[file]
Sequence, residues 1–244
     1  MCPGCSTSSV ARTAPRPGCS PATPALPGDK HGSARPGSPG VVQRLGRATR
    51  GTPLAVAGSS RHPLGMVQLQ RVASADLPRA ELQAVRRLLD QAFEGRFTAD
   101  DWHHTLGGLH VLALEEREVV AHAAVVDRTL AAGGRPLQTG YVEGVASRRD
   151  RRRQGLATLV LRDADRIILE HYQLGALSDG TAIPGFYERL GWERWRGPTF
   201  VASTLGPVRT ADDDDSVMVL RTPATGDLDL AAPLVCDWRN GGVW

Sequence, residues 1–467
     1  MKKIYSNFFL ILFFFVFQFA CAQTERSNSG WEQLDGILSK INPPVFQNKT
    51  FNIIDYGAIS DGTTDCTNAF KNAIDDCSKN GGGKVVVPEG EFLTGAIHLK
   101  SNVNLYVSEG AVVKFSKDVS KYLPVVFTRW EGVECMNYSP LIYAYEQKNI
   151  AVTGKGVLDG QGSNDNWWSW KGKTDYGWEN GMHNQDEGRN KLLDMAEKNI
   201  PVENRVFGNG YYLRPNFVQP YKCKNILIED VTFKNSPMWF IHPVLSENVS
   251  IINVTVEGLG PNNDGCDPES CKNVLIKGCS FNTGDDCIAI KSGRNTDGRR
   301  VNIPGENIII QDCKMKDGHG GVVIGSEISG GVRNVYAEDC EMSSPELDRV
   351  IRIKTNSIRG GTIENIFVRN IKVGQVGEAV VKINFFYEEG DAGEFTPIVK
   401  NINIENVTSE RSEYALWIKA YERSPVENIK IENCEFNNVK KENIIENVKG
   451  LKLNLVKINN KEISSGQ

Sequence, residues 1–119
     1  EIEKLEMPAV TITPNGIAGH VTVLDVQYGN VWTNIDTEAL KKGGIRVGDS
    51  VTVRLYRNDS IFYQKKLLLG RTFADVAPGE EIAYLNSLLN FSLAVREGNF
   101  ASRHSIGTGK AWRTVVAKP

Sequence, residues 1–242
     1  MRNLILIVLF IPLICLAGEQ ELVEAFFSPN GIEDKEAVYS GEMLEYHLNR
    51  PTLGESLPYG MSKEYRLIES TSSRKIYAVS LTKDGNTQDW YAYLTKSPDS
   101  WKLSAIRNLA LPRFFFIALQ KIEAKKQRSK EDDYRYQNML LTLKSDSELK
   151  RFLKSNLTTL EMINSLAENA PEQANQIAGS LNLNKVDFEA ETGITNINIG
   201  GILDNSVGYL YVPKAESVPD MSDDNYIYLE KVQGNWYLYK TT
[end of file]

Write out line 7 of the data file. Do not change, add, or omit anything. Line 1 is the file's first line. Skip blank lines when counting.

Sequence, residues 1–467